The stark divide between US and Europe airline pandemic relief only gets worse from there—instead of being paid to reduce their emissions, US airlines were paid by taxpayers (via the federal government) to fly empty planes throughout the US at the height of the pandemic. As a condition of receiving pandemic relief money, airlines were required to maintain minimum flight frequencies to each airport they served, regardless of demand and environmental cost. That particular provision of the bailout reflects the fact that economic development agencies, chambers of commerce, and policymakers tend to see airline service as essential to attracting and retaining businesses and jobs—any reduction in air service to a given city or region is perceived as an existential threat to that region’s economy. (Ironically, the climate footprint of those empty flights—and thus the global warming catastrophe at large—are not considered existential threats.) Even when airports operate at a loss, the assumption in the US is that scheduled air service—the more the better, always—is critical to attracting other businesses and jobs. What’s more, many US airports used the pandemic as an opportunity to carry out construction, expansion, and renovation projects while traffic was down.
The European Investment Bank, meanwhile, is considering a ban on new loans for airport construction or expansion out of concerns for both financial and environmental risks. In the United Kingdom, for instance, “The pandemic has made some airports pause for thought. Airports that had not begun the formal application process—like Heathrow's plans for a third runway—are waiting to see the scale and pace of the recovery (no doubt to reassure investors). Many corporations are talking about making permanent cuts to business travel given how easy it’s been to adapt to virtual working practices. So airports are not so bold in calling for growth right now.” This is according to Tim Johnson of the Aviation Environment Federation (AEF), who added, “Several UK airports have encountered a second obstacle—growing climate awareness amongst the public that has seen active demonstrations against their expansion plans.”
There’s been little in the way of comparable debate, nor demonstrations, in the US. But the gospel of airports and airline service as local and regional economic essentials and rainmakers remains largely unquestioned by business boosters and political officials.
Who flies most, and why?
The question of whether making air travel more cost-prohibitive could behoove the climate is a tricky one. Members of the “jet set” are often surprised to learn that, even in the US, air travel remains a luxury. In 2019, the last year before the pandemic, fewer than half of all Americans over 18 got on an airplane. The most typical American vacation is a road trip—for most Americans, flying is a rare splurge.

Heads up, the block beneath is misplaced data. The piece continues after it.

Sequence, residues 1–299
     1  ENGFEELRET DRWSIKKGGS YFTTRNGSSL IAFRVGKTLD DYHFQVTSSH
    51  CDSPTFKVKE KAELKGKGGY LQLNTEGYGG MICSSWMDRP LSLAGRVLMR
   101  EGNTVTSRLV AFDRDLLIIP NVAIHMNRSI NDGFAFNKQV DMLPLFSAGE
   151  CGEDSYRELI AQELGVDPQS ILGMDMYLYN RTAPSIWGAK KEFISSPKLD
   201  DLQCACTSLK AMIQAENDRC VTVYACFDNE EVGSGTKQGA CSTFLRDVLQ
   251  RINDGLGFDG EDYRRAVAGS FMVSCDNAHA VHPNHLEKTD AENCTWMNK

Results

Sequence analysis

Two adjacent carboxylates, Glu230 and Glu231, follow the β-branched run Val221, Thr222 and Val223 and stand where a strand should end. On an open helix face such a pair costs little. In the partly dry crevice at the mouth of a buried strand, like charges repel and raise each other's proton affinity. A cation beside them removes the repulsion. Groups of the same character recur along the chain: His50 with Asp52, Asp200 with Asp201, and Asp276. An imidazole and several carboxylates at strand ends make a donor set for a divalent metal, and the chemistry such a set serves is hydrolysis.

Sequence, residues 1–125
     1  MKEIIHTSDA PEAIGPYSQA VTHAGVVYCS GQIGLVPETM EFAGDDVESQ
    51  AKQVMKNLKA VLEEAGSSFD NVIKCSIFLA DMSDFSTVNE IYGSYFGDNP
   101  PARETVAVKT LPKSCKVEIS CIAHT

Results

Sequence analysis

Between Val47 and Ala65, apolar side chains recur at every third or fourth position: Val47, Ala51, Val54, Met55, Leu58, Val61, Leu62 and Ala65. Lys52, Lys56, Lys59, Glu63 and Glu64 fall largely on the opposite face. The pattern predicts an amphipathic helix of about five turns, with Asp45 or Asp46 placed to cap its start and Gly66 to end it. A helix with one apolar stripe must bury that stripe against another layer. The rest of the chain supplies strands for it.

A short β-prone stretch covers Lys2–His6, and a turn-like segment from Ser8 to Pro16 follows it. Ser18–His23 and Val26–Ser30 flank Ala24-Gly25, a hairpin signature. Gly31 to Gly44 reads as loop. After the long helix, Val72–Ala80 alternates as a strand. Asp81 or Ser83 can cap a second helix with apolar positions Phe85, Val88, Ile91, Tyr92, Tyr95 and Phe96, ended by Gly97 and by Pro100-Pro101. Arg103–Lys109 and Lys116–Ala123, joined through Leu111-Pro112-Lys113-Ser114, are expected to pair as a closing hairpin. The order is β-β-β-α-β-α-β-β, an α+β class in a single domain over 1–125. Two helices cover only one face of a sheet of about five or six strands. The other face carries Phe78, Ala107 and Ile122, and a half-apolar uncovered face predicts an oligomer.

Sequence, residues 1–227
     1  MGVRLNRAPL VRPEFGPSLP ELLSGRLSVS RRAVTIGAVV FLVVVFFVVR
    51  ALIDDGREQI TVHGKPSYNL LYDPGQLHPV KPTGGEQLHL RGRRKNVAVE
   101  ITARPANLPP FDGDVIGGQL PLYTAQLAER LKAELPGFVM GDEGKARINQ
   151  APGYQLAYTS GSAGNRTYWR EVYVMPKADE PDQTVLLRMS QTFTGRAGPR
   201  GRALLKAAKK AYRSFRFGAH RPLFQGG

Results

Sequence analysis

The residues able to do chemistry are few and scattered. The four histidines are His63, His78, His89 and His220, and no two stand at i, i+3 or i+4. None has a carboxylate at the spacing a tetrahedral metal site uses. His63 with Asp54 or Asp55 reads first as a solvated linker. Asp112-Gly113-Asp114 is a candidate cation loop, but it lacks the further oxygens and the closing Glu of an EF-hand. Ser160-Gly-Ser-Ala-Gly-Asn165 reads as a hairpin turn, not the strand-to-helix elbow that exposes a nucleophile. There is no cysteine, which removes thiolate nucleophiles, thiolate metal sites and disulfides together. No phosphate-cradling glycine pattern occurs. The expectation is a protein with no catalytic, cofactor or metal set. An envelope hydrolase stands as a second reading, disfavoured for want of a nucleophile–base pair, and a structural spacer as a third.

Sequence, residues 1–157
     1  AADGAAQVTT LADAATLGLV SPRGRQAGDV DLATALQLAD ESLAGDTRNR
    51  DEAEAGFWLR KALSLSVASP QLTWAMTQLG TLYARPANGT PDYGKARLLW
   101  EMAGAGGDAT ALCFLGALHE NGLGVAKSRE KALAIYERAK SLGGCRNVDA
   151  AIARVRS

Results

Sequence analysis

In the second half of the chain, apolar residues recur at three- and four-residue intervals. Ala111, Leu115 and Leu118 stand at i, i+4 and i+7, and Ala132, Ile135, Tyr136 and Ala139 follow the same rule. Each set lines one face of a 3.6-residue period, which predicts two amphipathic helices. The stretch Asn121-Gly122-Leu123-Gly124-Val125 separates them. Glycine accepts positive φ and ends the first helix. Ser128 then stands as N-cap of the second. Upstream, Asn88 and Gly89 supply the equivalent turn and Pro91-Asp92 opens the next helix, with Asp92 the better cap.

That’s not the whole story, though. Different types of trips have been affected differently by the pandemic, are likely to rebound at different rates, and can be long-term addressed from a climate perspective to various degrees. Statistics that lump together all “personal” travel obscure the differences between recreational vacations and travel to visit friends and relatives (“VFR” travel, in industry jargon).
The typical (and mistaken) assumption of industry analysts is that the truly essential and price-insensitive form of travel is business travel, and that VFR travel, like recreational travel, is price-sensitive and discretionary. The pandemic, however, demonstrated that for most people, VFR is highest-priority travel. Whatever means of transportation used, VFR trips, more than business or recreational trips, were the ones people were willing to take despite pandemic risks, costs, and complications. My first trip by air in more than a year, as soon as I was fully vaccinated, was a transcontinental flight to check on an elderly relative.
Most miles in the air are racked up by two quite different groups: business travelers (who are generally wealthier than the average American and for whom the pandemic has revealed most trips to be inessential) and immigrants, for whom maintaining ties with families, friends, and communities overseas is of great priority.
So the reality is that price increases for economy-class long-haul airline tickets would impose their largest (in proportion to income) and most painful effects on immigrants from overseas, who already tend to spend a disproportionate share of their “discretionary” budget on air travel.
“We can’t just say, ‘don’t fly’,” says environmental attorney Vera Pardee. As an immigrant to the US who retains ties to family and friends overseas, Pardee has “flown across the Atlantic forever and ever and felt guilty about it.” So, she’s working to reduce the climate impact of whatever air travel continues. However, it’s been a struggle to get emissions from domestic US flights included in Clean Air Act stipulations.
Can airline emissions be regulated?
Pardee says the Federal Aviation Administration “has never been interested in controlling aviation emissions,” regardless of whether a Democrat or Republican was in the White House. Even after the US Supreme Court ruled in 2007 that greenhouse gases are pollutants that the Environmental Protection Agency has the authority and responsibility to regulate under the Clean Air Act, it took two more lawsuits to get a ruling that the EPA must act on greenhouse gases from aviation.